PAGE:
While Brother Vianney-Marie looked for and seized windows through which to reach Malicoat, the prisoner warned him not to push religion too hard. The monk sat patiently on the other side of the glass separating them and listened to Malicoat talk about his worries for his family, especially his mother, as they waited out the years until he would be put to death.
Between his visits, the monk wrote faithfully, urging Malicoat to pray for the right disposition and teaching him how to pray a perfect act of contrition. It was a painstaking three years of building confidence, holding back so as not to turn him off, awaiting openings for God's grace to slip through. The inmate would respond fitfully, often depressed.
"You're not there every day so you have to really pray," Brother Vianney-Marie said. "The friendship was spiritualized. I had to accept a weight on my shoulders. You have to be very open."
In a letter dated June 26, 2006, Malicoat informed Brother Vianney-Marie that his execution had been set for August 22 at 6 p.m. The monk's last full-length visit with him occurred on July 5. Brother Vianney-Marie referred to him, as he had often done before, as "my little Pranzini."
"Being a non-Catholic, he tried to understand. There was a nun who was praying for Pranzini. He understood the correlation there." At this point, Malicoat told Brother Vianney-Marie that he didn't mind being put to death. "He said, 'I've done things I'm not proud of. I'll have to present that to God.'"
That was just the kind of window the monk had been waiting for. "It opened it up to God's mercy. God always gives you those little moments. You have to be on your toes."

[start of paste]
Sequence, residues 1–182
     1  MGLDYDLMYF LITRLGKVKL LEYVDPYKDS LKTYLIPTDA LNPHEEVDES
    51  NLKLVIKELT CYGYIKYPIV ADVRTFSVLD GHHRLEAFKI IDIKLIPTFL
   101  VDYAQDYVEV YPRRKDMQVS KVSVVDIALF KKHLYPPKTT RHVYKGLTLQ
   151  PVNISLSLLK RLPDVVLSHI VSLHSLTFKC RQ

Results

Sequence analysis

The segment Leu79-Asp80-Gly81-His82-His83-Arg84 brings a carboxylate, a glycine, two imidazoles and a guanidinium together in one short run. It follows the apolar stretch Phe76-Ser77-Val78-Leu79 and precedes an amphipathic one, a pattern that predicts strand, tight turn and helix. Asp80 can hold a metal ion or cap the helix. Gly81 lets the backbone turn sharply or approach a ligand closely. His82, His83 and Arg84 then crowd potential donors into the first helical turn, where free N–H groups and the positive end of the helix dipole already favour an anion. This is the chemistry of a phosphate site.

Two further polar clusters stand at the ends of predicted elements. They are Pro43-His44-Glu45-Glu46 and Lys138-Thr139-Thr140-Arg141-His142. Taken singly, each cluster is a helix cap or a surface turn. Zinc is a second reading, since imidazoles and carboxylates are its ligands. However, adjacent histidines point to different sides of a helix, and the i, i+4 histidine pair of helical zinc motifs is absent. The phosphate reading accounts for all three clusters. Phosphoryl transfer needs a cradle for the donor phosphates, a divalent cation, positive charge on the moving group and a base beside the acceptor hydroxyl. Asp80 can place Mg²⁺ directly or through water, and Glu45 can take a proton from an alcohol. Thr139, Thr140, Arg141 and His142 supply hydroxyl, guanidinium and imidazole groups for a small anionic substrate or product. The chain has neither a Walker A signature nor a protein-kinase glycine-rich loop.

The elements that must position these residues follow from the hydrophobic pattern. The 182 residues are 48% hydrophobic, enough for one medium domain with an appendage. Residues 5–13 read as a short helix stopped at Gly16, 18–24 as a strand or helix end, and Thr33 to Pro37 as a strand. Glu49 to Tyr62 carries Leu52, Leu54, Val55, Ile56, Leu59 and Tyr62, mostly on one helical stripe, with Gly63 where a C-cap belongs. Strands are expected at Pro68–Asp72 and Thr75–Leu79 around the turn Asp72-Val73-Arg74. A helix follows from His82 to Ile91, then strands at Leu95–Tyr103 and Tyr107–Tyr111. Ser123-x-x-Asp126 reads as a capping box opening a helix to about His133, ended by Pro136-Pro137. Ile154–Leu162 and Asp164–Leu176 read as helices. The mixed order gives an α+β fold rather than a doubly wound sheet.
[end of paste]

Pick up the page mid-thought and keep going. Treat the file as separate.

Brother Vianney-Marie told Malicoat that he was confiding him to the intercession of four people: Our Lady of a Good Death, St. Therese, St. Maria Goretti because she had been murdered as a child and had forgiven her killer before she died, and her killer had repented and an obscure child-martyr of the Catacombs, St. Bonosa.
Brother Vianney-Marie's prayers had never been the only ones directed to God on Malicoat's behalf. His brother monks joined theirs, and the community of the lay faithful that has sprung up around Clear Creek Monastery in northeastern Oklahoma was praying, too. Brother Vianney-Marie had asked a blind girl in a wheelchair to offer her prayers for Malicoat.
Enlisting St. Bonosa
St. Bonosa added another chapter to the story. Her remains had been found late for an early-Church martyr on March 27, 1848, in the Catacombs of St. Praetextatus in Rome. Fontgombault Abbey in France, Clear Creek's motherhouse and a part of the Solesmes congregation of Benedictine monks entrusted with preserving Gregorian chant after Vatican II, was entrusted with the relics of St. Bonosa. During an anti-clerical wave that swept France later in the 19th century, the monks of Fontgombault were dispersed, and the relics were brought to the United States for safe-keeping.